BRICS rapid growth slowing down, may have been unique

The main feature of the new issue of The Economist is on the emerging economies. Brazil, Russia, India, China and South Africa make up the group better known as the BRICS. In the wake of the 2008 global financial crisis the economies of the BRICS managed to roar onward and upward. Analysts thought this was a crucial moment for the countries and a sign that the Western standard bearers had some company that would change the global economic landscape.

Five years later the BRICS are not looking so great. All are growing, but things are leveling off for most. Economics correspondent Ryan Avent says (see video) that the booming growth may have been a unique set of circumstances as opposed to a new trend. He says that China took advantage of existing global trade to achieve massive growth. That was held back by high poverty levels and poor policies. Changes helped propel China forward in a way that benefited many other countries around the world.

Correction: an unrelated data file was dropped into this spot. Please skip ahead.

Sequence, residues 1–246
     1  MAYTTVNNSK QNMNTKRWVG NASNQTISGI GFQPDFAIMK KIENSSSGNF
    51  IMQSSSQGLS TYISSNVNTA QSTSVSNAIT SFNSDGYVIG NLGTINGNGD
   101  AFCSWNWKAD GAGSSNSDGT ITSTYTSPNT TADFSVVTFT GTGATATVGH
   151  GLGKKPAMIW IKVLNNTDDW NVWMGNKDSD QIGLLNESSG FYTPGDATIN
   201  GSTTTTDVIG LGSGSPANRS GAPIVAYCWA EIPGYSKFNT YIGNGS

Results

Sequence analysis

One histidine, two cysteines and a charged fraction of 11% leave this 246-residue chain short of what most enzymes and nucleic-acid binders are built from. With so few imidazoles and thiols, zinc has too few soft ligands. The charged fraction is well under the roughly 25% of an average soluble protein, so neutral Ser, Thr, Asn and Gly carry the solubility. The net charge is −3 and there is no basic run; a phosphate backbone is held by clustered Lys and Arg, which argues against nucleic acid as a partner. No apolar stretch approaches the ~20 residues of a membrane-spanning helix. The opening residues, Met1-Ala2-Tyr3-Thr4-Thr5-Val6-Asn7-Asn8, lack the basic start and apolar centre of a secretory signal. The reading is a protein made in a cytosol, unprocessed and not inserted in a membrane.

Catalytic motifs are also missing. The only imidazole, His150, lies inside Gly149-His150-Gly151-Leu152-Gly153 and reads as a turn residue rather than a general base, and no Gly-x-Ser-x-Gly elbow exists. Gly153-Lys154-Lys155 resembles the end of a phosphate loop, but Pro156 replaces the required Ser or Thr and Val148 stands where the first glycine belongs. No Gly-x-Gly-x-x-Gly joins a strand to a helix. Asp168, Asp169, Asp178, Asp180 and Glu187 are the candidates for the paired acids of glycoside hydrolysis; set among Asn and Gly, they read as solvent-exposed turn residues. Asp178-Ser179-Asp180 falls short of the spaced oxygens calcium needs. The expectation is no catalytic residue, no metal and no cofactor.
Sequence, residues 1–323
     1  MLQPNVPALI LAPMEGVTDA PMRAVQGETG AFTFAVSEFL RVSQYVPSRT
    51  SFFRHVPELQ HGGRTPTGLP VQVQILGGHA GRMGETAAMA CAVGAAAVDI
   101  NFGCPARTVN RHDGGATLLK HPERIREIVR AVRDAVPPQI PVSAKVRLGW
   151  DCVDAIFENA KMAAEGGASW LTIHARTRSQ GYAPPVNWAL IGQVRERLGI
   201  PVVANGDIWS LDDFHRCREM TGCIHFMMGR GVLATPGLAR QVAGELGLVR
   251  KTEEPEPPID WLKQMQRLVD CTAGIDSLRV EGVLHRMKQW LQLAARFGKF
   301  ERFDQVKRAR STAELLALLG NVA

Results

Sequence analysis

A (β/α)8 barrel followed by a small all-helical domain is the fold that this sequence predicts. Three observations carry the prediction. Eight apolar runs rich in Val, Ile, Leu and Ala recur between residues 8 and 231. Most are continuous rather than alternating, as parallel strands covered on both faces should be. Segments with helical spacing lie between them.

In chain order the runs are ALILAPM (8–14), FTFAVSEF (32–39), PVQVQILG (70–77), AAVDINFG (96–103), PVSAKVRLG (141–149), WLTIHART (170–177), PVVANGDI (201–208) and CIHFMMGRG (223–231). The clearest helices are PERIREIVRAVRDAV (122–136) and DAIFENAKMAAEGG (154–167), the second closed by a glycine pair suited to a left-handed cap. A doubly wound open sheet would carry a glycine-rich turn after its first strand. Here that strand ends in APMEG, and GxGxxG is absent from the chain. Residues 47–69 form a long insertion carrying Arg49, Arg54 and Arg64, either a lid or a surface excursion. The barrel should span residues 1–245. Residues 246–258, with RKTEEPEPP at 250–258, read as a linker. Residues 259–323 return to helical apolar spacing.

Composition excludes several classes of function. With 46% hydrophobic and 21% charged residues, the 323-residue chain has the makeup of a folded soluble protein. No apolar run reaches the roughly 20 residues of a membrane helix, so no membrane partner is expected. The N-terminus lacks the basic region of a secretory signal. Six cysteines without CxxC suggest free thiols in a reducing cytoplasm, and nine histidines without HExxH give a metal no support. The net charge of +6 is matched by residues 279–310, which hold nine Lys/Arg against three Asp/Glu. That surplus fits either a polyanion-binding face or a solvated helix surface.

Now that China has caught up so much to the world’s leading economies there is less room to continue growth at a rapid pace. That has impacts on fellow BRICS and other emerging economies. Most of all, what China did is not necessarily something that other nations can replicate. So that leaves us with wondering what will come next.

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Tom Murphy

Tom Murphy is a New Hampshire-based reporter for Humanosphere. Before joining Humanosphere, Tom founded and edited the aid blog A View From the Cave. His work has appeared in Foreign Policy, the Huffington Post, the Guardian, GlobalPost and Christian Science Monitor. He tweets at @viewfromthecave. Contact him at tmurphy[at]humanosphere.org.